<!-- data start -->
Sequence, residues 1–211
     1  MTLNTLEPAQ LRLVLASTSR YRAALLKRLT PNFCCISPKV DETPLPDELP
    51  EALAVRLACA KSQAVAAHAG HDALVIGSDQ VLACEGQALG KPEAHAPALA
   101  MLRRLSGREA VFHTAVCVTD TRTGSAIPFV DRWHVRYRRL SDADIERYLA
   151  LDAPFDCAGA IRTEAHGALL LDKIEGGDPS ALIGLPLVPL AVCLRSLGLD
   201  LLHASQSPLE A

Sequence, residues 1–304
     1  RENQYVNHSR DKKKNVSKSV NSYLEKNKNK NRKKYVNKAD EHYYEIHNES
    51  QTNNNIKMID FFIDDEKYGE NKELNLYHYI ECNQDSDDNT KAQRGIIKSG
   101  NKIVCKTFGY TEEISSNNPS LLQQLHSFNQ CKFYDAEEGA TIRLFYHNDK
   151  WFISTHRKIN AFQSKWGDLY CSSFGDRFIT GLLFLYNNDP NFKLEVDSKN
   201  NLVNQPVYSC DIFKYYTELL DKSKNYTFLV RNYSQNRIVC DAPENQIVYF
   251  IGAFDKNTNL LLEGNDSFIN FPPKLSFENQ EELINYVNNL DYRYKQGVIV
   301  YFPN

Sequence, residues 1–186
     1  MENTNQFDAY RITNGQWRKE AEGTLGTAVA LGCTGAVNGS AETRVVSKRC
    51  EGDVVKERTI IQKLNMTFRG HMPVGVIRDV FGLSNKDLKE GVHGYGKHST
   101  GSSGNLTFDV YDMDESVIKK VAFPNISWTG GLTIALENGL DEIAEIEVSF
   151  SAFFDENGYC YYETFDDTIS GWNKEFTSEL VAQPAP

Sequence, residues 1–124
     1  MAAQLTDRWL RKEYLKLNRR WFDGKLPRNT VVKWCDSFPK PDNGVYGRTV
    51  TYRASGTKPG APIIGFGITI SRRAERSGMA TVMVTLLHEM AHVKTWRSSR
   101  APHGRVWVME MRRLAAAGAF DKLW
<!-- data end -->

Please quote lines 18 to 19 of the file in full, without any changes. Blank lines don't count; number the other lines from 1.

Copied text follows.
   101  GSSGNLTFDV YDMDESVIKK VAFPNISWTG GLTIALENGL DEIAEIEVSF
   151  SAFFDENGYC YYETFDDTIS GWNKEFTSEL VAQPAP